Questions about art’s social role and power, as well as the lines joining the mundane to the great political and narrative arcs of the age, ran through much more work besides. One of the fresher, quietly unsettling surprises in this respect was Australian company Back to Back’s brilliantly staged Ganesh Versus the Third Reich, a deceptively low-key exploration of power and marginality by a five-member ensemble that includes actors with varying mental and physical disabilities. On a largely bare stage repeatedly transformed by large transparent curtains into a gorgeous shadowbox landscape of mythological proportions, the riveting cast plays out its own inner turmoil along an extremely subtle line separating the ridiculous and the profound, meanwhile complicating our perception of what is in fact real.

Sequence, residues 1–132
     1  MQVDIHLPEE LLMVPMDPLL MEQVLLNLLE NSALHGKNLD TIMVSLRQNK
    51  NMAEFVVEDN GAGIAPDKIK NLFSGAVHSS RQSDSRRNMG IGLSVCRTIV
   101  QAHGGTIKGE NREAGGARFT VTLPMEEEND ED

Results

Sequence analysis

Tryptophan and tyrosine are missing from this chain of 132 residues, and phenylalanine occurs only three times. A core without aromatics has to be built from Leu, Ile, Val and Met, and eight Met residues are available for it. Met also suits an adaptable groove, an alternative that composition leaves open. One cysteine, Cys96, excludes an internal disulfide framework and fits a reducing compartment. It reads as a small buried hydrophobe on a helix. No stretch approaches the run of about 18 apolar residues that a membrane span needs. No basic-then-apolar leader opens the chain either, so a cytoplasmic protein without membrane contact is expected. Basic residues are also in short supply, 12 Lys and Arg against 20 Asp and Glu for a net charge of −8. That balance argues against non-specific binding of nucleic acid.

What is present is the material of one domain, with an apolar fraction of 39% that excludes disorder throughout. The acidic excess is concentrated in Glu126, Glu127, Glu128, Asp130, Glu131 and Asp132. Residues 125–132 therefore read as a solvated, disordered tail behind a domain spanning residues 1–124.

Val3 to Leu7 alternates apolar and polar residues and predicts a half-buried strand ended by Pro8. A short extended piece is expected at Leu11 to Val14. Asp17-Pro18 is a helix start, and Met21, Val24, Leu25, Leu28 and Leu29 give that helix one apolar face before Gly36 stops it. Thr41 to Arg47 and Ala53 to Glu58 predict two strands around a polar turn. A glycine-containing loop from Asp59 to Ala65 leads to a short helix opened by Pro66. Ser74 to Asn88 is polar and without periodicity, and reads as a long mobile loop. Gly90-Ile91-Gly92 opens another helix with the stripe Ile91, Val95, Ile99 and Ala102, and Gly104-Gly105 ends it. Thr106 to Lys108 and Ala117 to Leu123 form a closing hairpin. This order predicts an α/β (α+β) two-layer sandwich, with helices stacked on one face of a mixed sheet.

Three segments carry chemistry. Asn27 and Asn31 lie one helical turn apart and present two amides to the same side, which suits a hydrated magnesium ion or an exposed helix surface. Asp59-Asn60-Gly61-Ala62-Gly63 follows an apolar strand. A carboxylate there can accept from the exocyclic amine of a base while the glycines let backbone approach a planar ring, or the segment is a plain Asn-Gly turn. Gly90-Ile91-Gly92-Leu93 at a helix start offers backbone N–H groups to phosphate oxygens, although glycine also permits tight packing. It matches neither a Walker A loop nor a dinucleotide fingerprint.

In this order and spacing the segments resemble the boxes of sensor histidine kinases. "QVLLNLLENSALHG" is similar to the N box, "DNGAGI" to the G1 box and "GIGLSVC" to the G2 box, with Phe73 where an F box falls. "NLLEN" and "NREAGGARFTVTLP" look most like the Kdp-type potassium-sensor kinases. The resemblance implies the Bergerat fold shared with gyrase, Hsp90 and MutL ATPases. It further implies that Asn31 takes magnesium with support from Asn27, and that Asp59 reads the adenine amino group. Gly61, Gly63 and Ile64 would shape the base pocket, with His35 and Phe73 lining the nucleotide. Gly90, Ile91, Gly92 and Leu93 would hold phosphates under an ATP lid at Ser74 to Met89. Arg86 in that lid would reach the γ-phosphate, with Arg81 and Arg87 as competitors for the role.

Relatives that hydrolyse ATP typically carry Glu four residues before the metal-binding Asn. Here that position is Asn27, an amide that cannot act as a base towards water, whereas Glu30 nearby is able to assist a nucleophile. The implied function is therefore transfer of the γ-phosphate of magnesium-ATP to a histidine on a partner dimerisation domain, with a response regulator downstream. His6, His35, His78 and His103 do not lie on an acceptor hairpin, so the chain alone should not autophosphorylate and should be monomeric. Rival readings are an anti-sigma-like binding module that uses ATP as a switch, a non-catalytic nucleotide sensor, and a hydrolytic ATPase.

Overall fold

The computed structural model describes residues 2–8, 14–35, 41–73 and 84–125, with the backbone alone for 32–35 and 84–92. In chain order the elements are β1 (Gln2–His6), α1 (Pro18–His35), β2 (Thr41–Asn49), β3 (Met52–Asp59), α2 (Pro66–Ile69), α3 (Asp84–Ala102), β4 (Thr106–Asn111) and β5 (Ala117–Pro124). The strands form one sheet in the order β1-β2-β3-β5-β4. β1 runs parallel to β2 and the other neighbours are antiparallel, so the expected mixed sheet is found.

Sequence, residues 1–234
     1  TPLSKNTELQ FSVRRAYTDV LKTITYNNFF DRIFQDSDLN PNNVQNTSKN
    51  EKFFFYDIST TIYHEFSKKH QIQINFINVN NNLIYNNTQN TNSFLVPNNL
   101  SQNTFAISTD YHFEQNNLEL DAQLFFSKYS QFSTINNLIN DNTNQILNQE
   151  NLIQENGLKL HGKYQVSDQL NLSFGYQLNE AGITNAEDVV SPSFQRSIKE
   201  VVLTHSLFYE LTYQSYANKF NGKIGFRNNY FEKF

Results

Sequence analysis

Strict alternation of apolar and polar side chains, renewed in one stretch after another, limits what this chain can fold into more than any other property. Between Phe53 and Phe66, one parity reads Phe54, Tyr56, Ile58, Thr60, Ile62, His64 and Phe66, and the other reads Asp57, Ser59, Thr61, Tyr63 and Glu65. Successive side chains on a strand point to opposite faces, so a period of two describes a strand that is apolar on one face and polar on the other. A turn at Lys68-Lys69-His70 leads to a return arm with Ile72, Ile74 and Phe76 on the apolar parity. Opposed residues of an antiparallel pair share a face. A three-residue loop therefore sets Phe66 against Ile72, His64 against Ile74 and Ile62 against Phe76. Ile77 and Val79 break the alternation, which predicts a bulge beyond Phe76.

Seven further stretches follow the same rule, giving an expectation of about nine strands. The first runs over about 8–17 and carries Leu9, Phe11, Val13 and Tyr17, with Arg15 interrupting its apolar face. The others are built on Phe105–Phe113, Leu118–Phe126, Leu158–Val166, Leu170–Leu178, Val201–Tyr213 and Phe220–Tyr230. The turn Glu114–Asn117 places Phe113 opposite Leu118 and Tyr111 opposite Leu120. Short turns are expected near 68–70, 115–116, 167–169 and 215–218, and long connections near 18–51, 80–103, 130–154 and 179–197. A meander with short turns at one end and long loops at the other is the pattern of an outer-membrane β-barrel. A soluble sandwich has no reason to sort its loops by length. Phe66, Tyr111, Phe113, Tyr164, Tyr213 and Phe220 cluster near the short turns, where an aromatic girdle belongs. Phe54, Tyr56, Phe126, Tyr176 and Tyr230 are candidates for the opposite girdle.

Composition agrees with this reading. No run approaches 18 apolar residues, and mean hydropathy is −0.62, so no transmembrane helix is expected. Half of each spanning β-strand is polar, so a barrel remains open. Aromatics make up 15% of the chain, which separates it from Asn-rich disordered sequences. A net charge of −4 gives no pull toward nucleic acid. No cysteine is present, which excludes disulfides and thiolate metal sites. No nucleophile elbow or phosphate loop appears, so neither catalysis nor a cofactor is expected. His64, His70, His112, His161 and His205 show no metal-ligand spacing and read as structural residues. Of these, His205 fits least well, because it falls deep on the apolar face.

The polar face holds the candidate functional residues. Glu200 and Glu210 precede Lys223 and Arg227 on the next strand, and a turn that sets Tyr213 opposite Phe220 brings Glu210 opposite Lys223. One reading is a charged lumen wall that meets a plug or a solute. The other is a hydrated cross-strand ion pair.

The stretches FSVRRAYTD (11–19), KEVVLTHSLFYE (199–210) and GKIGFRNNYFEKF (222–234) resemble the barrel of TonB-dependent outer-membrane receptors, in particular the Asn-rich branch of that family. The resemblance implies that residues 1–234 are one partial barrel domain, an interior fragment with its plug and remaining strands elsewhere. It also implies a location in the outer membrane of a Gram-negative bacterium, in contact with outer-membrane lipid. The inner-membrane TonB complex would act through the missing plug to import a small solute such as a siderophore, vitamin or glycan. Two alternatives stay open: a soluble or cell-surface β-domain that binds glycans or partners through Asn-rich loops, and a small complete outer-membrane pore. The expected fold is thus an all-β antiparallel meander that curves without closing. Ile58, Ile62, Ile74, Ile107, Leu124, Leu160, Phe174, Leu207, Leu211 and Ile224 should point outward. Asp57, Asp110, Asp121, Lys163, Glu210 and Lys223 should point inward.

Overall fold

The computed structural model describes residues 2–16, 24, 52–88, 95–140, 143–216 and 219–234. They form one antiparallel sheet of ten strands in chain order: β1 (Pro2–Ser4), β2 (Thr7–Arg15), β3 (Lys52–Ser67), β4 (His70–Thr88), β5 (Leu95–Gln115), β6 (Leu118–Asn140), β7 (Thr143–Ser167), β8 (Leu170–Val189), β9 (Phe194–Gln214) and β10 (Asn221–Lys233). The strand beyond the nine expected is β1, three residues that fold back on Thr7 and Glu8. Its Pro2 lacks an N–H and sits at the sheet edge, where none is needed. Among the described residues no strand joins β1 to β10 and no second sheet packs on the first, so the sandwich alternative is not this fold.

In a highly anticipated offering, New York’s Nature Theater of Oklahoma premiered eight hours worth of its Soho Rep–produced opus Life and Times (Episodes 1-4) — more episodes are apparently forthcoming — which channels the verbatim childhood reminiscences (replete with uhs, ums, likes, whatevers, and oh-my-gods) of a middle-class American 30-something (company member Kristen Worrall) through an evolving set of choreographed, highly stylized, mostly-musical ensemble performances. Again, as directed by founders Kelly Copper and Pavol Liska, the banal is elevated to the level of the epic, but in a precious and ironic way that, for all its precision and the seriousness of its core idea, leaves one feeling mostly empty, bored, and frayed by the text’s endless assault of half-articulate and overly familiar riffs on family, friends, awkwardness, first kisses, religion, and so on. With the dialogue divvied up among an entire ensemble in coordinated outfits, vocal harmonies, and group dance steps, we’re being made to hear again what we hear all the time, which invites certain revelations, but they seemed precious little compensation for the tedium of it all.